string out

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string out

1. Literally, to stretch, unwind, or extend something, typically a string or cord of some kind. Be sure to string out the lights and check that each bulb is working before you hang them up on the side of the house. He strung out the power cable so that it would reach the back yard.
2. By extension, to prolong, delay, or make longer than usual or necessary. He kept stringing out the negotiations in an attempt to get more money out of the deal for himself. I hate the way they string the finales of these singing competition shows out to try to build suspense.
See also: out, string

strung out

1. Suffering from severe stress, anxiety, or emotional exhaustion. Sorry for shouting at you, I'm just a bit strung out lately. I haven't been getting much sleep since our baby was born. I could tell she was strung out from the heavy workload she'd taken on.
2. Suffering from the adverse effects of drug use or addiction, especially heroin. Even if you didn't see the track marks on his arm, you could tell he was strung out just by looking at his eyes. Jane's so strung out on pills that she can't even remember where she is.
See also: out, strung
Farlex Dictionary of Idioms. © 2015 Farlex, Inc, all rights reserved.

string something out

 
1. Lit. to unwind, stretch, or straighten something, such as wire, and extend it. The workers strung the wires out before installing them. They strung out the wires first.
2. Fig. to cause something to take more time than it ought to. Is there any good reason to string this meeting out any longer? Don't string out the meetings so long.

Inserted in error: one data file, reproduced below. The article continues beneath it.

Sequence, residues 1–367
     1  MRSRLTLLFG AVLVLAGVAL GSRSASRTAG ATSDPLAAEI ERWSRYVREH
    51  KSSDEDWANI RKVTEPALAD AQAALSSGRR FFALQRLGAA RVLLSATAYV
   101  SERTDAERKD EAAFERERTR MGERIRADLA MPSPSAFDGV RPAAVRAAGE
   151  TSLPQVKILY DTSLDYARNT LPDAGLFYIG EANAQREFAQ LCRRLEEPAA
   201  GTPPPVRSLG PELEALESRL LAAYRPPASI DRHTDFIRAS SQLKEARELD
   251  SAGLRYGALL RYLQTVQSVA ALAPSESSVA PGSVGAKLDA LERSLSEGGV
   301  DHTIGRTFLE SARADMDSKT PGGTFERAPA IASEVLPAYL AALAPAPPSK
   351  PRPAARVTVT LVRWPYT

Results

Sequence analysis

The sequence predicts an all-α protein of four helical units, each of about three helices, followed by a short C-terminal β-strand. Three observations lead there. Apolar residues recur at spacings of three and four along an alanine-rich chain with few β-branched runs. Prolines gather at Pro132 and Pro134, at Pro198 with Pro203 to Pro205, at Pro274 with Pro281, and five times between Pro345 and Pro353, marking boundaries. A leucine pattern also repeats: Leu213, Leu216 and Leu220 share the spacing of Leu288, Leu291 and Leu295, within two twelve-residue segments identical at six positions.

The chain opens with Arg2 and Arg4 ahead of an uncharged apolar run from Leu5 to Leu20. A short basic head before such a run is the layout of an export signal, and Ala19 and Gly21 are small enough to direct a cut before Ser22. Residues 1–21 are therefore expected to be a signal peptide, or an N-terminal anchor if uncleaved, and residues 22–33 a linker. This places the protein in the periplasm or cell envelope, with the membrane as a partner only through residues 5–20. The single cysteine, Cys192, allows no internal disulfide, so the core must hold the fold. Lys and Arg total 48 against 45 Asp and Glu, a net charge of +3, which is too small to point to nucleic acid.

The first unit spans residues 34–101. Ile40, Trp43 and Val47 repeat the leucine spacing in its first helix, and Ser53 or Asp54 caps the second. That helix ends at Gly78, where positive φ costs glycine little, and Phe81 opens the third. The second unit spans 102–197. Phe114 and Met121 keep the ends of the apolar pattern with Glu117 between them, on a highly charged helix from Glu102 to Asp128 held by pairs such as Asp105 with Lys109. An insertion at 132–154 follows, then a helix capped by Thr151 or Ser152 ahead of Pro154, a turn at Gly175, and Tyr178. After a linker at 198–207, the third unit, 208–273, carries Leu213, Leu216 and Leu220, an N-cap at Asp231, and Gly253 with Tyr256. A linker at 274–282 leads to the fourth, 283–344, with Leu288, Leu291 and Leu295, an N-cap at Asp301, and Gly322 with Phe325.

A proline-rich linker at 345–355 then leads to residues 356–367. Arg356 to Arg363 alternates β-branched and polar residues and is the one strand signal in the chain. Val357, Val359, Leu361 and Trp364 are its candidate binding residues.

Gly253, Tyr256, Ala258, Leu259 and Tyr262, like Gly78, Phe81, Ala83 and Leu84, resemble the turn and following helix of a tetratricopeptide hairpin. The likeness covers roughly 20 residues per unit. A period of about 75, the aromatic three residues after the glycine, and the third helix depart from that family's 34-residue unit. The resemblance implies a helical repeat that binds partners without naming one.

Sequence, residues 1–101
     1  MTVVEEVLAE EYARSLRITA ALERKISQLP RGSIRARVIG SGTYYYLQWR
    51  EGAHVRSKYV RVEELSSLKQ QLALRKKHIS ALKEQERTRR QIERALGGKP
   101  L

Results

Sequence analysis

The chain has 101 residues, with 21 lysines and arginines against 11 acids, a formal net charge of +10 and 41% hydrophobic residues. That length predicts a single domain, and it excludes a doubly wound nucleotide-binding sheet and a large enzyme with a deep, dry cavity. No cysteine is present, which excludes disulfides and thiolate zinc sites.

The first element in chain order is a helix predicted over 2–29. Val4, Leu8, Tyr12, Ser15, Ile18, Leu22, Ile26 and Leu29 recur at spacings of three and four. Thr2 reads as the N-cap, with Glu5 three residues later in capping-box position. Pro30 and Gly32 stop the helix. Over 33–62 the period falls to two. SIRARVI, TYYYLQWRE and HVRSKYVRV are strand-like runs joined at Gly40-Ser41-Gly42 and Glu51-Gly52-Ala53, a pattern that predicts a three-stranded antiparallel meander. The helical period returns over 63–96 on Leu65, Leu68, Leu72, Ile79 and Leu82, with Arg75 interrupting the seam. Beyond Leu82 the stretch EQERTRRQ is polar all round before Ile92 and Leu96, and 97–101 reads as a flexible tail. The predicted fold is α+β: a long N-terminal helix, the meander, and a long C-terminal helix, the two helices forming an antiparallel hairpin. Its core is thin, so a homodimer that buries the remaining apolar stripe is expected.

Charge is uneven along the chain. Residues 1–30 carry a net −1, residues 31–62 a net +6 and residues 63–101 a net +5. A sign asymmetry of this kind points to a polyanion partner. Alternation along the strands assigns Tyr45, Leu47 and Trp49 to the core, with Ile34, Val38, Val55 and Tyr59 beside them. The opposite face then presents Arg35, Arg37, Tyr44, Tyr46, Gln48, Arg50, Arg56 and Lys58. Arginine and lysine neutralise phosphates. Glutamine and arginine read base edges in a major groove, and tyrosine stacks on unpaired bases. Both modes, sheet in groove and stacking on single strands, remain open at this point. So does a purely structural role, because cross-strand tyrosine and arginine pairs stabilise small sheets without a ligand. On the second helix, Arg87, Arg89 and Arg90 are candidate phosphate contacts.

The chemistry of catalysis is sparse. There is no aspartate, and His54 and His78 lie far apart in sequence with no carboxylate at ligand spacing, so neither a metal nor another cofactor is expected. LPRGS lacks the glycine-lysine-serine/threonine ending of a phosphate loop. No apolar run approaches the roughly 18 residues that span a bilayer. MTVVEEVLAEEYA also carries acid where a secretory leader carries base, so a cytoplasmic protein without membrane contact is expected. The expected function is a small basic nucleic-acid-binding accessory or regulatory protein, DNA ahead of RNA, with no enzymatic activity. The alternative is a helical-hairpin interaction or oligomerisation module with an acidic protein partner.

See also: out, string

strung out

 
1. extended in time; overly long. Why was that lecture so strung out? She talked and talked. It was strung out because there was very little to be said.
2. Sl. doped or drugged. Bob acted very strangelyas if he were strung out or something. I've never seen Bob or any of his friends strung out.
See also: out, strung
McGraw-Hill Dictionary of American Idioms and Phrasal Verbs. © 2002 by The McGraw-Hill Companies, Inc.

string out

1. Stretch, extend; also, prolong. For example, The parade strung out for miles, or The meetings strung out over weeks instead of days. [First half of 1800s]
2. strung out. Addicted to, stupefied by, or debilitated by drug use, as in She was completely strung out when they found her. [Second half of 1900s]
See also: out, string
The American Heritage® Dictionary of Idioms by Christine Ammer. Copyright © 2003, 1997 by The Christine Ammer 1992 Trust. Published by Houghton Mifflin Harcourt Publishing Company. All rights reserved.

string out

v.
1. To make something longer than usual or necessary; prolong something: The prosecution strung out the trial hoping to get the time to gather more evidence. We've already said everything that needs to be said in this conversation, so why do you keep trying to string it out?
2. To spread out in a line. Used in the passive: From the plane, we could see small villages that were strung out along the coast.
3. Slang To become intoxicated, especially with an addictive opiate or stimulant. Used in the passive: He was so strung out that he couldn't talk. People started to suspect that the athlete was strung out on coke or booze, or both.
See also: out, string
The American Heritage® Dictionary of Phrasal Verbs. Copyright © 2005 by Houghton Mifflin Harcourt Publishing Company. Published by Houghton Mifflin Harcourt Publishing Company. All rights reserved.

strung out

1. and strung (up) mod. drug intoxicated and bewildered. (Drugs.) Marlon is really strung out lately. What’s he shooting now?
2. mod. badly addicted to heroin; dissipated by heroin. (Drugs.) Clare is strung out and can’t deny her problem any longer.
3. mod. depressed; nervous. I’m a little strung out—because of the accident, I guess.
4. mod. in love and disoriented. Sam is strung out over Mary.
See also: out, strung
McGraw-Hill's Dictionary of American Slang and Colloquial Expressions Copyright © 2006 by The McGraw-Hill Companies, Inc. All rights reserved.
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